CHAPTER II. CAESAR'S EARLY YEARS.
In this situation, Caesar, though entirely in the power and at the mercy of his lawless captors, assumed such an air of superiority and command in all his intercourse with them as at first awakened their astonishment, then excited their admiration, and ended in almost subjecting them to his will. He asked them what they demanded for his ransom. They said twenty talents, which was quite a large amount, a talent itself being a considerable sum of money. Caesar laughed at this demand, and told them it was plain that they did not know who he was, He would give them fifty talents. He then sent away his attendants to the shore, with orders to proceed to certain cities where he was known, in order to procure the money, retaining only a physician and two servants for himself. While his messengers were gone, he remained on board the ship of his captors, assuming in every respect the air and manner of their master. When he wished to sleep, if they made a noise which disturbed him, he sent them orders to be still. He joined them in their sports and diversions on the deck, surpassing them in their feats, and taking the direction of every thing as if he were their acknowledged leader. He wrote orations and verses which he read to them, and if his wild auditors did not appear to appreciate the literary excellence of his compositions, he told them that they were stupid fools without any taste, adding, by way of apology, that nothing better could be expected of such barbarians.
The pirates asked him one day what he should do to them if he should ever, at any future time, take them prisoners. Caesar said that he would crucify every one of them.
[Caesar at liberty.] [He captures the pirates in his turn.]
The ransom money at length arrived. Caesar paid it to the pirates, and they, faithful to their covenant, sent him in a boat to the land. He was put ashore on the coast of Asia Minor. He proceeded immediately to Miletus, the nearest port, equipped a small fleet there, and put to sea. He sailed at once to the roadstead where the pirates had been lying, and found them still at anchor there, in perfect security. He attacked them, seized their ships, recovered his ransom money, and took the men all prisoners. He conveyed his captives to the land, and there fulfilled his threat that he would crucify them by cutting their throats and nailing their dead bodies to crosses which his men erected for the purpose along the shore.
[Footnote 1: See Frontispiece]
[Caesar at Rhodes.]
During his absence from Rome Caesar went to Rhodes, where his former preceptor resided, and he continued to pursue there for some time his former studies. He looked forward still to appearing one day in the Roman Forum. In fact, he began to receive messages from his friends at home that they thought it would be safe for him to return. Sylla had gradually withdrawn from power, and finally had died. The aristocratical party were indeed still in the ascendency, but the party of Marius had begun to recover a little from the total overthrow with which Sylla's return, and his terrible military vengeance, had overwhelmed them. Caesar himself, therefore, they thought, might, with prudent management, be safe in returning to Rome.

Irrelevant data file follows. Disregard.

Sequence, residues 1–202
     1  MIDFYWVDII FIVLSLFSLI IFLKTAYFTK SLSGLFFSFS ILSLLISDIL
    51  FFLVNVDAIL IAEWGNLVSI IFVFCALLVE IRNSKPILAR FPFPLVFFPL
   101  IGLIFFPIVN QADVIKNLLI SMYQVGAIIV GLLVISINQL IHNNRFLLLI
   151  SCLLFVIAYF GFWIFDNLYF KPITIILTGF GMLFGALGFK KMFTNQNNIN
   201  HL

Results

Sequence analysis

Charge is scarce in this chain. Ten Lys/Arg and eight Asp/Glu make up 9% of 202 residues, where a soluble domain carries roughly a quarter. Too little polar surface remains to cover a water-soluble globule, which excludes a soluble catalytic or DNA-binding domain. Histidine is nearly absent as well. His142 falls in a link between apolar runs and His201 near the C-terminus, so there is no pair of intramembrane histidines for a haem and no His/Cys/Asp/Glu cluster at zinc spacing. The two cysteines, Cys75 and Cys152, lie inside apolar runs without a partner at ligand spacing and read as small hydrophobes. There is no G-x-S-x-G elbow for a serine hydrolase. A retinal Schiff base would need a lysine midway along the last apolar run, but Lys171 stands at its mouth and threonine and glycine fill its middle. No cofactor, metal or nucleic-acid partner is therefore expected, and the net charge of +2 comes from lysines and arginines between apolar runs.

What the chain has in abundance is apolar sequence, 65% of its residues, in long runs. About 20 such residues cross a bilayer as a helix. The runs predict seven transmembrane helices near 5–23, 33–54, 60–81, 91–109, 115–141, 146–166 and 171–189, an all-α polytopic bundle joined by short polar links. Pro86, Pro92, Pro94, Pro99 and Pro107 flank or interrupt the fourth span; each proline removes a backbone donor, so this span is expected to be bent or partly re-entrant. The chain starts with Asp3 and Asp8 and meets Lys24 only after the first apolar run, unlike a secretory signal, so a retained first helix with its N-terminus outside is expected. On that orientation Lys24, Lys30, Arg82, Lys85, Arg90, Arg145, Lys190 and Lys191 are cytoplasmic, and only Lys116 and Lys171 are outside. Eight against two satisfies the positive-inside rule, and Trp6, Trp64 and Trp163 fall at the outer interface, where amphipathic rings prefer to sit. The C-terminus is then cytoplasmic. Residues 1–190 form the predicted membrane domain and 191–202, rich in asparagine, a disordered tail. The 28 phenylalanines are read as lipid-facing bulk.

[He returns to Rome.] [Caesar impeaches Dolabella.] [Excitement in consequence.]
He returned, but not to be prudent or cautious; there was no element of prudence or caution in his character. As soon as he arrived, he openly espoused the popular party. His first public act was to arraign the governor of the great province of Macedonia, through which he had passed on his way to Bithynia. It was a consul whom he thus impeached, and a strong partisan of Sylla's. His name was Dolabella. The people were astonished at his daring in thus raising the standard of resistance to Sylla's power, indirectly, it is true, but none the less really on that account. When the trial came on, and Caesar appeared at the Forum, he gained great applause by the vigor and force of his oratory. There was, of course, a very strong and general interest felt in the case; the people all seeming to understand that, in this attack on Dolabella, Caesar was appearing as their champion, and their hopes were revived at having at last found a leader capable of succeeding Marius, and building up their cause again. Dolabella was ably defended by orators on the other side, and was, of course, acquitted, for the power of Sylla's party was still supreme. All Rome, however, was aroused and excited by the boldness of Caesar's attack, and by the extraordinary ability which he evinced in his mode of conducting it. He became, in fact, at once one of the most conspicuous and prominent men in the city.
[Caesar's increasing power.]
Encouraged by his success, and the applauses which he received, and feeling every day a greater and greater consciousness of power, he began to assume more and more openly the character of the leader of the popular party. He devoted himself to public speaking in the Forum, both before popular assemblies and in the courts of justice, where he was employed a great deal as an advocate to defend those who were accused of political crimes. The people, considering him as their rising champion, were predisposed to regard every thing that he did with favor, and there was really a great intellectual power displayed in his orations and harangues. He acquired, in a word, great celebrity by his boldness and energy, and his boldness and energy were themselves increased in their turn as he felt the strength of his position increase with his growing celebrity.
[Death of Marius's wife.] [Caesar's panegyric on Marius's wife.] [Its success.]